Corrugated ties are often used in residential construction. I have seen some cases where the corrugated ties are bent in an L-shape and the nails are put at the very top of the corrugated tie. Also, corrugated ties are sometimes nailed into the plywood sheathing rather than into the studs. Will ties installed in this manner be effective?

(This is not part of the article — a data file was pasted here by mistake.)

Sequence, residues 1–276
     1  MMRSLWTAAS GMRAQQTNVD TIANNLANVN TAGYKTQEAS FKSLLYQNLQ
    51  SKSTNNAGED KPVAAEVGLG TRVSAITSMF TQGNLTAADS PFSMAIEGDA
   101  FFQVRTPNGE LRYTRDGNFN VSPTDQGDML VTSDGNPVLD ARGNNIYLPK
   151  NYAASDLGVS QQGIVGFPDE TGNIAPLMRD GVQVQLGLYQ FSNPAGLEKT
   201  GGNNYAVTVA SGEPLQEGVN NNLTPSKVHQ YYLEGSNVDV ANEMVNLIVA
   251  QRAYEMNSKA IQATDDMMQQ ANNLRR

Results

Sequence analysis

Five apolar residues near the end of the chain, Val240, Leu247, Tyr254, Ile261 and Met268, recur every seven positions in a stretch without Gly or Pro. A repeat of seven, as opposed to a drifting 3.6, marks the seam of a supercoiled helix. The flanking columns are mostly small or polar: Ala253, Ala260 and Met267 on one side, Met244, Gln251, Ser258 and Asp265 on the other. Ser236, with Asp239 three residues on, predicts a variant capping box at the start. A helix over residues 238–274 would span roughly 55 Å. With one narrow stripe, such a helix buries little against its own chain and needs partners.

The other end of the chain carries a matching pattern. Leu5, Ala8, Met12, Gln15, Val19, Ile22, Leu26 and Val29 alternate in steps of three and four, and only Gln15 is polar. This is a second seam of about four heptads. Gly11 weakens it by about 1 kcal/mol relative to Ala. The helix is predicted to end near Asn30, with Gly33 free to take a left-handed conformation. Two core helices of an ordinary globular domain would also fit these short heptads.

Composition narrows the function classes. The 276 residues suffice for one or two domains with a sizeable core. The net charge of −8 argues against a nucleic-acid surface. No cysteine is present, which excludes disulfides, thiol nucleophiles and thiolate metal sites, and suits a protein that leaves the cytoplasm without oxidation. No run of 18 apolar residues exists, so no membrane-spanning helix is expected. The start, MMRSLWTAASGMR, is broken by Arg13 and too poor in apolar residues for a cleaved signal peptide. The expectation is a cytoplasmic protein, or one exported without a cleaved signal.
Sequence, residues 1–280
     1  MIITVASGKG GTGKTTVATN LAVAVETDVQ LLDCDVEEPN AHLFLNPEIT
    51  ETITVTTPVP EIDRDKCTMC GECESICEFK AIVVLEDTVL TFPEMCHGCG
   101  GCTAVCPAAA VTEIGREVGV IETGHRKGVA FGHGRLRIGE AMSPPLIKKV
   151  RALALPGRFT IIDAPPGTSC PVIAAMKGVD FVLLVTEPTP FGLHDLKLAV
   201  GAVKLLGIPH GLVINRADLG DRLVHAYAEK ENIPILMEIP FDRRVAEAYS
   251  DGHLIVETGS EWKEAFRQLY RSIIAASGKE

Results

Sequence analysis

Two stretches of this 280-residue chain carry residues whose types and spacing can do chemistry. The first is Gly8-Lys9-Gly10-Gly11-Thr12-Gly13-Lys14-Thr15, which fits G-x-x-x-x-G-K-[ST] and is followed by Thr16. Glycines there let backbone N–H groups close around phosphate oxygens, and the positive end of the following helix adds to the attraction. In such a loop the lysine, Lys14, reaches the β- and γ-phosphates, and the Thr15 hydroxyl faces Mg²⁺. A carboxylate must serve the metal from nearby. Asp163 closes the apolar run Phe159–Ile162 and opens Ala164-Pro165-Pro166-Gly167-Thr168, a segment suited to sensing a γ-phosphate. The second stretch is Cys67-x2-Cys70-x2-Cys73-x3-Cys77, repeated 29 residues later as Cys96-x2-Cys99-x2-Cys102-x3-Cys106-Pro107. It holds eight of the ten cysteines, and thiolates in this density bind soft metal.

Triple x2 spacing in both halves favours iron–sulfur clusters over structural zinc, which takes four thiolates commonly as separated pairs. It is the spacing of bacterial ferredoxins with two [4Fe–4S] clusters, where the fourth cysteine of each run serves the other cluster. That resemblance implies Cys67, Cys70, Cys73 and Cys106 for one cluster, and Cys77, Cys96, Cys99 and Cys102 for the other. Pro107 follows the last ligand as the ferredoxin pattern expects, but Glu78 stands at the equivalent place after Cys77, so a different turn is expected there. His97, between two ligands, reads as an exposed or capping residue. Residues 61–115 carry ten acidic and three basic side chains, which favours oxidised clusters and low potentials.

Corrugated ties that are bent in an L-shape and nailed at the very top of the tie will have virtually no strength in tension. If the vertical leg is not tight against the sheathing, there may also be very little strength in transferring inward loads. The nails should always be placed as close to the bend in the tie as possible. As the wall moves out under suction wind loads, the tie will bend at the nail attachment. The greater the distance between the fastener and the horizontal portion within the wall, the greater will be this bending force on the tie. The Brick Industry Association recommends in BIA Technical Note 28 that corrugated wall ties for residential wood-frame construction be 20-gauge or heavier and that they be attached with 8d nails at a distance no greater than 5/8 inch from the bend in the tie. The nails should be attached to the wood studs. If the tie is nailed merely into plywood sheathing, it will have very little strength in resisting outward loads. The nails can pull out of the plywood, and the plywood can deflect between the studs.